13485cert

The Secret to Successful Training

In Internal Auditing, International Standard, ISO, ISO 13485, Medical Device, QA, QC, Quality, Quality Management Systems, Training on January 7, 2011 at 3:32 am

About 10 years ago my CD collection was stolen and I haven’t heard this tune since. Sass Jordan might be a little raw for your average professional but everyone needs to loosen up sometimes. Just-in-case you were wondering, I think this CD (Rat) was next to the Greatest Hits of Ella Fitzgerald—which they left behind. I love the singing by both women but for very different reasons.

Recently a client asked me to create a training course on how to train operators. I could have taught the operators myself, but there were so many people that needed training that we felt it would be more cost effective to train the trainers.

                Usually I have multiple presentations archived that I can draw upon, but this time I had nothing. I had never trained engineers on how to be trainers before—at least not formally. I thought about what kinds of problems other Quality Managers have had in training internal auditors and how I have helped the auditors improve. The one theme I recognized was that most auditors needed feedback.

                I finally decided to use the Deming Cycle (Plan-Do-Check-Act, or PDCA) as my framework for the training. Most QA Managers are very experienced and have little trouble planning an audit schedule. The next step is to do the auditing. The problem is that there is very little objective oversight of the auditing process. The Standard requires that “Auditors shall not audit their own work.” Therefore, most companies will opt for one of two solutions for auditing the internal audit process: 1) hire a consultant, or 2) ask the Director of Regulatory Affairs to audit the internal auditing process.

                Both of the above strategies meet the requirements of the Standard, but neither strategy helps to make internal auditors better. I have interviewed a lot of audit program managers, maybe 50+, and the most common feedback for auditors is “change the wording of this finding” or “you forgot to close this previous finding.” This type of feedback is related to the report writing phase of the audit process. I rarely hear program managers explain how they help auditors improve at the other parts of the process.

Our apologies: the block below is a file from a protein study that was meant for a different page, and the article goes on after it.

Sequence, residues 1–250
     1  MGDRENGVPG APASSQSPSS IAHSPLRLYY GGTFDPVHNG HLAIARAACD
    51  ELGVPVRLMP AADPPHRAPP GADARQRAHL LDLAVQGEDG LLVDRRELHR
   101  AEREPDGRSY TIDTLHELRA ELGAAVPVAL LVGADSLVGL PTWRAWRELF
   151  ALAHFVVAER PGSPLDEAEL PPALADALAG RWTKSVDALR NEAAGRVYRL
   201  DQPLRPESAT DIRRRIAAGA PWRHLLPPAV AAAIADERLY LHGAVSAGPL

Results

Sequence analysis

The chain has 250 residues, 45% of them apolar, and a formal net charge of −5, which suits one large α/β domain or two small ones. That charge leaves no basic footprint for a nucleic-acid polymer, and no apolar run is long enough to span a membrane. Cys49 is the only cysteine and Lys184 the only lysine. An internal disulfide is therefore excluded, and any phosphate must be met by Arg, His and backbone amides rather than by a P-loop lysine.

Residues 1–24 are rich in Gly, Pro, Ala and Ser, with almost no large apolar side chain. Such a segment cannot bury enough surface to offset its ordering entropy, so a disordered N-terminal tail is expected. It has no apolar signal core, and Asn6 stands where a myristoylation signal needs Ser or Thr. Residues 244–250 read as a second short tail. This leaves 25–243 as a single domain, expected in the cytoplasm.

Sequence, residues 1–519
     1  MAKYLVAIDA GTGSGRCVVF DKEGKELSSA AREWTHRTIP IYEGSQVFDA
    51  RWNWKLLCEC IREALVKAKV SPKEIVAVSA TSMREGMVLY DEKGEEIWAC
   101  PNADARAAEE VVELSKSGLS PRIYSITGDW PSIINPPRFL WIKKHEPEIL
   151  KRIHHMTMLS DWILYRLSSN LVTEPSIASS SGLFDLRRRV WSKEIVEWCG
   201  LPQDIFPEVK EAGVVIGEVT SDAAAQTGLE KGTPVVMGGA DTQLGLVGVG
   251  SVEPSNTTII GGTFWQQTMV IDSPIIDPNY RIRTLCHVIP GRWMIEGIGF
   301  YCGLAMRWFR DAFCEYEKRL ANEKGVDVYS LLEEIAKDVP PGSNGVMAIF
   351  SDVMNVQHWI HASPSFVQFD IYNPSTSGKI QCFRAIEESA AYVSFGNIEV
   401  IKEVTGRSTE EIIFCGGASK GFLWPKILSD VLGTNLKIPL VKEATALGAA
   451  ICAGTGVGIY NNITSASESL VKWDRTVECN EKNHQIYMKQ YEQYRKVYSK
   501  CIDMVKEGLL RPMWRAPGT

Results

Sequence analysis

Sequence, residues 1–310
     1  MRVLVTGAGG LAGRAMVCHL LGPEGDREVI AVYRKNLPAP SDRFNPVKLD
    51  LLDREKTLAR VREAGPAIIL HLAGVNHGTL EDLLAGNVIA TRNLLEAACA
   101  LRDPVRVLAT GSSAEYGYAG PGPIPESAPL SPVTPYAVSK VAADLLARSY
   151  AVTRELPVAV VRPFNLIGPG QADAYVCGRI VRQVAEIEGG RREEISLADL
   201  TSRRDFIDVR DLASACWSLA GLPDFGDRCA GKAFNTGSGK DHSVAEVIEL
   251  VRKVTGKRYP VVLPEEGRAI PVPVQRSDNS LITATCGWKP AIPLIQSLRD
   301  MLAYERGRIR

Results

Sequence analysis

When auditors are first being trained we typically will provide examples of best practices for audit preparation, checklists, interviewing techniques AND reports. After the auditors have been “shadowed” by the program manager for an arbitrary three times the auditors are now miraculously “trained.” Let’s see if I can draw an analogy that will make my point…

                That kind of sounds like watching your 16 year-old drive the family car three times and then giving them a license. I guess that’s why my new Ford Festiva was severely dented on all four sides within 6 months. You might think my father was a Saint, but I think he might have totaled his tenth car by age 18. At least I contained the damage to one vehicle.

                Anyway the key to training auditors to audit, or anyone on anything, is consistent follow-up over a long period of time.

                The question is…was my training successful?

                Well, how much follow-up training of the trainers did the client ask for?

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